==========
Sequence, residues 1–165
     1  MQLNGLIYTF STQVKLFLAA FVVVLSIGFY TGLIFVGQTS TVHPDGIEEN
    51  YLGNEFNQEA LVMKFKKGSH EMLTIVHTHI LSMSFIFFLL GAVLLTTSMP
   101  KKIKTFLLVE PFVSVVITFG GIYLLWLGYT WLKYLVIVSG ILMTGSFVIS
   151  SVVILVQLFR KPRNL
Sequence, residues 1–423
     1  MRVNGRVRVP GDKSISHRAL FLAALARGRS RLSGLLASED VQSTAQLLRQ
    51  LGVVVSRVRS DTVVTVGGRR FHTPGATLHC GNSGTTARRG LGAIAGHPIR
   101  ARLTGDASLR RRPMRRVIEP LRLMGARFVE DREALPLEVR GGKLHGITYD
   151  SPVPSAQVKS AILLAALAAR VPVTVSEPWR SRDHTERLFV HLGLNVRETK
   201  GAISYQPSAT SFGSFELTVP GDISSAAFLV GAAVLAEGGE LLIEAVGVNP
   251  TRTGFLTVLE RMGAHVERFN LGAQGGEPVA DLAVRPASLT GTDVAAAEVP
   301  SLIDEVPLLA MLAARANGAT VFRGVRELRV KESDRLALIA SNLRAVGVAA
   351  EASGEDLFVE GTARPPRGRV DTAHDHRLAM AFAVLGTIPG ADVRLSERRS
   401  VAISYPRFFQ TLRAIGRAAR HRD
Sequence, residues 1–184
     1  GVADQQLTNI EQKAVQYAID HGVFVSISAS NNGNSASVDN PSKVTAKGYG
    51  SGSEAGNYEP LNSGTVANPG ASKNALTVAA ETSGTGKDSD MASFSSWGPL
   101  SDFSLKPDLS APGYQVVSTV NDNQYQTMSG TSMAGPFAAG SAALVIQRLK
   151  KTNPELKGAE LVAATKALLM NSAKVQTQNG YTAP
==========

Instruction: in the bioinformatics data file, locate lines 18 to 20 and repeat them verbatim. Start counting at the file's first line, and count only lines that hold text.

    51  SGSEAGNYEP LNSGTVANPG ASKNALTVAA ETSGTGKDSD MASFSSWGPL
   101  SDFSLKPDLS APGYQVVSTV NDNQYQTMSG TSMAGPFAAG SAALVIQRLK
   151  KTNPELKGAE LVAATKALLM NSAKVQTQNG YTAP